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There are many big issues on the minds of senators as they consider the nomination of Loretta Lynch to serve as the next attorney general. But among the most concerning is that she has made it very clear that she'll continue the astonishing pattern of overreach to support warrantless spying, and she'll do it under the guise of narratives that have long been debunked.
Though it has received little more than a passing mention in press coverage of last week's Senate Judiciary Committee confirmation hearings on her nomination, Sen. Lindsey Graham (R-SC) asked Lynch about the constitutionality of the NSA's controversial warrantless spying program.
"Senator, I believe that it's constitutional and effective," Lynch told Graham, who supports the warrantless spying program. "I know that there are court challenges to it, and, certainly, we will abide by those court regulations." Seconds later, after a follow-up question, she reiterated her support for the program, saying that it's "[c]ertainly constitutional and effective."
Contrast Lynch's comments about the program to what the Privacy and Civil Liberties Oversight Board (PCLOB) -- an independent executive-level agency recommended by the 9/11 Commission that was formed in 2006 -- has said about it. In a January 2014 report, the PCLOB concluded that the program is illegal because warrantless bulk metadata collection under Section 215 of the USA PATRIOT Act "does not provide an adequate legal basis" to justify it.
The PCLOB listed four reasons why the program is illegal:
The report also undermines Lynch's comment about the program's effectiveness. Though the PCLOB acknowledged in the report that the "threat of terrorism faced today by the United States is real," members were were unable to identify "a single instance involving a threat to the United States in which the program made a concrete difference in the outcome of a counterterrorism investigation" and that it "has shown minimal value in safeguarding the nation from terrorism."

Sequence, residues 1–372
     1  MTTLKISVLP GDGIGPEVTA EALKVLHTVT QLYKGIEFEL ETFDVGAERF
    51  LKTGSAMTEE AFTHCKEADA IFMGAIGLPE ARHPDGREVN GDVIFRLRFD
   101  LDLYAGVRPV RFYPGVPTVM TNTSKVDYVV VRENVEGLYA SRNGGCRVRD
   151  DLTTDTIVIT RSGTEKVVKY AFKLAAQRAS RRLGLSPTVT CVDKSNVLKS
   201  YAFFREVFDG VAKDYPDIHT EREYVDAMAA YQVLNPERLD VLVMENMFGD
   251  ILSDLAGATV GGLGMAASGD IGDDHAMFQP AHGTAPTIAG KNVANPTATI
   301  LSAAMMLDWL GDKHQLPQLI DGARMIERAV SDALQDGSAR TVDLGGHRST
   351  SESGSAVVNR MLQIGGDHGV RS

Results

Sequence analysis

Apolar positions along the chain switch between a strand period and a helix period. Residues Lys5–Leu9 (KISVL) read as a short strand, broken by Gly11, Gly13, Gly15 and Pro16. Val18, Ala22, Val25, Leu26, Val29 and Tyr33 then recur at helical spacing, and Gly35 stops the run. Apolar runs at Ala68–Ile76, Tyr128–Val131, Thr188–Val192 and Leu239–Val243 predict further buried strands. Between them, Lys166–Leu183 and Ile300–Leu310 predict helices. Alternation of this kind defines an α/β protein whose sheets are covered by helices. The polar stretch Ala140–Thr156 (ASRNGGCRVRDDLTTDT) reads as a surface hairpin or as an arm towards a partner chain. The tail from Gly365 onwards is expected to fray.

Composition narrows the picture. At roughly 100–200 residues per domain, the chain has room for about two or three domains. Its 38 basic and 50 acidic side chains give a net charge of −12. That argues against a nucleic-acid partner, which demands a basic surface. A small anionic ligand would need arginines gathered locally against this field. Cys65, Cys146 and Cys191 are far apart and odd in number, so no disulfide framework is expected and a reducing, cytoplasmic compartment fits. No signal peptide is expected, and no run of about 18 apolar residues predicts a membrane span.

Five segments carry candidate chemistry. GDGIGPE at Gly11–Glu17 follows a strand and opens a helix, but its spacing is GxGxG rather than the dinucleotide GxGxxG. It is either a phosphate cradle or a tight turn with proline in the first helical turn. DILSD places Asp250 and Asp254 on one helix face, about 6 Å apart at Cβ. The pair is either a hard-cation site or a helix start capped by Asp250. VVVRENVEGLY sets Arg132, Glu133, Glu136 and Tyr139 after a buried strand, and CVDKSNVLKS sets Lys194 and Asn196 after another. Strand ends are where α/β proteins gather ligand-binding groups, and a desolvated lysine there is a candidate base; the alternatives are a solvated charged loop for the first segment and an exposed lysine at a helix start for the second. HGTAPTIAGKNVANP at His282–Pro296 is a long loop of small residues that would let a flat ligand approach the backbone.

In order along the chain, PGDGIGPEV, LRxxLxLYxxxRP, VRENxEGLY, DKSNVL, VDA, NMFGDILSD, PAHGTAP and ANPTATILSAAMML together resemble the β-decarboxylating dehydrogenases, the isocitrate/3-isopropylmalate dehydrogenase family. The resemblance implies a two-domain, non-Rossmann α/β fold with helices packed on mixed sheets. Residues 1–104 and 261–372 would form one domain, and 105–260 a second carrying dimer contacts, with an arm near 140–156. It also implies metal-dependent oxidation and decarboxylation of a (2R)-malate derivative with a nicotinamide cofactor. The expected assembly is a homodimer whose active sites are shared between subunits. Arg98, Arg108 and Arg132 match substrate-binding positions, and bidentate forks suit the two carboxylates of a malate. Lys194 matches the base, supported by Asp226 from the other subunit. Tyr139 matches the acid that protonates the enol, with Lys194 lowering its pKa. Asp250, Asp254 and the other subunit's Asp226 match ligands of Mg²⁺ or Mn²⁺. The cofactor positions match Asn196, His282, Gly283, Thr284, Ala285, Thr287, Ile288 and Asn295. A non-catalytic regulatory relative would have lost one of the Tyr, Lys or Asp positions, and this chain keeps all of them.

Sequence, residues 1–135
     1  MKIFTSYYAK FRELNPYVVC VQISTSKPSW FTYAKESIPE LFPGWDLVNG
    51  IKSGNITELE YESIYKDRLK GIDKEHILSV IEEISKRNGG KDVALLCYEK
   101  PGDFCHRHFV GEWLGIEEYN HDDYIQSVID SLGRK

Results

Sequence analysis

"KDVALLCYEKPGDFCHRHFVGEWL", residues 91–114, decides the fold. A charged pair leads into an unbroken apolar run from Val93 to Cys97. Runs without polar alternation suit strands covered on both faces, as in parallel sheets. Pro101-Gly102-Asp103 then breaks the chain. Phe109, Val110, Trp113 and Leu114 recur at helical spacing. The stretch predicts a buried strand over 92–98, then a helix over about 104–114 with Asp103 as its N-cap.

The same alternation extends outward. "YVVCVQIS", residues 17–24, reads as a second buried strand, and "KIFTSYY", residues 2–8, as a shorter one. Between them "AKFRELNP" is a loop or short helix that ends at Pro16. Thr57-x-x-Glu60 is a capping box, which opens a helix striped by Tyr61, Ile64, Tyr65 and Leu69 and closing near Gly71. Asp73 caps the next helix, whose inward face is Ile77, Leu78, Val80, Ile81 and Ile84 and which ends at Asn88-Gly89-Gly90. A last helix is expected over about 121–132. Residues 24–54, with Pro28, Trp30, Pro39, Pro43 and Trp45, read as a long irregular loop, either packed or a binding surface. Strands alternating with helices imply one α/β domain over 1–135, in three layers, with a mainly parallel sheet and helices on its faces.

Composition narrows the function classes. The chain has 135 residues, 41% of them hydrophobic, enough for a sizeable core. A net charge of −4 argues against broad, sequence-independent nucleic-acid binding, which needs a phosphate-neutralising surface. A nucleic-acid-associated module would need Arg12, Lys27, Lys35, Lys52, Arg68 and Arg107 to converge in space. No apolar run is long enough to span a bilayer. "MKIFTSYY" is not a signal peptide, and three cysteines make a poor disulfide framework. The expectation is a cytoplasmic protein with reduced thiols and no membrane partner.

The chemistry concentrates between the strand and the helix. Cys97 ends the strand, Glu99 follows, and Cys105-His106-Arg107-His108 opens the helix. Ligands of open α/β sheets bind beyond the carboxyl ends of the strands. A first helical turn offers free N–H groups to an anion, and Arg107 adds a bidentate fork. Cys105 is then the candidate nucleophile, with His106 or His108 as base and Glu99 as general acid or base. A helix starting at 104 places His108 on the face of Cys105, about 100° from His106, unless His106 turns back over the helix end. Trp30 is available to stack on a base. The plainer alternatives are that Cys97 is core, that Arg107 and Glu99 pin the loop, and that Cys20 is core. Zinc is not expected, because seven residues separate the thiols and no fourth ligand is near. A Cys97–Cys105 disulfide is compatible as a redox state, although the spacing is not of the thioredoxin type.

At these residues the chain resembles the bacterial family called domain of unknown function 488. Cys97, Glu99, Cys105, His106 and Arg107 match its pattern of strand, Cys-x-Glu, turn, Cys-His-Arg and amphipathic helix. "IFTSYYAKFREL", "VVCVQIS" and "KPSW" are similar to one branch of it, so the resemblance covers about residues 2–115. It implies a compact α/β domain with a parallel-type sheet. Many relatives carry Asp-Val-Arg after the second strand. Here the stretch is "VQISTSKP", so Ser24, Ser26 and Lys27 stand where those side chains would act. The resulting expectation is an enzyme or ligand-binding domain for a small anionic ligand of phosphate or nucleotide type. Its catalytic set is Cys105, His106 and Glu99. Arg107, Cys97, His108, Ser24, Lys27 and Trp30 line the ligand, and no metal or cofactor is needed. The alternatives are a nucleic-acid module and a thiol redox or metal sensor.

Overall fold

Though the White House Review Group on Intelligence and Communications Technology didn't weigh in on the legality of the warrantless spying program, though it certainly suggested that it's out of step with the Fourth Amendment, the five-member panel authorized and appointed by President Barack Obama did explain that "the use of section 215 telephony metadata was not essential to preventing attacks." The report noted that law enforcement could have obtained records related to terrorism investigations "in a timely manner using conventional section 215 orders."
Lynch may just be repeating lines that she's been fed by the handlers overseeing her confirmation, but her comments are completely inconsistent with the Fourth Amendment guarantees "against unreasonable searches and seizures," as well as what we know about the program's ineffectiveness. If senators are truly concerned about the lawlessness of this administration, Lynch's comments in support of warrantless spying should play a big factor as they consider her nomination.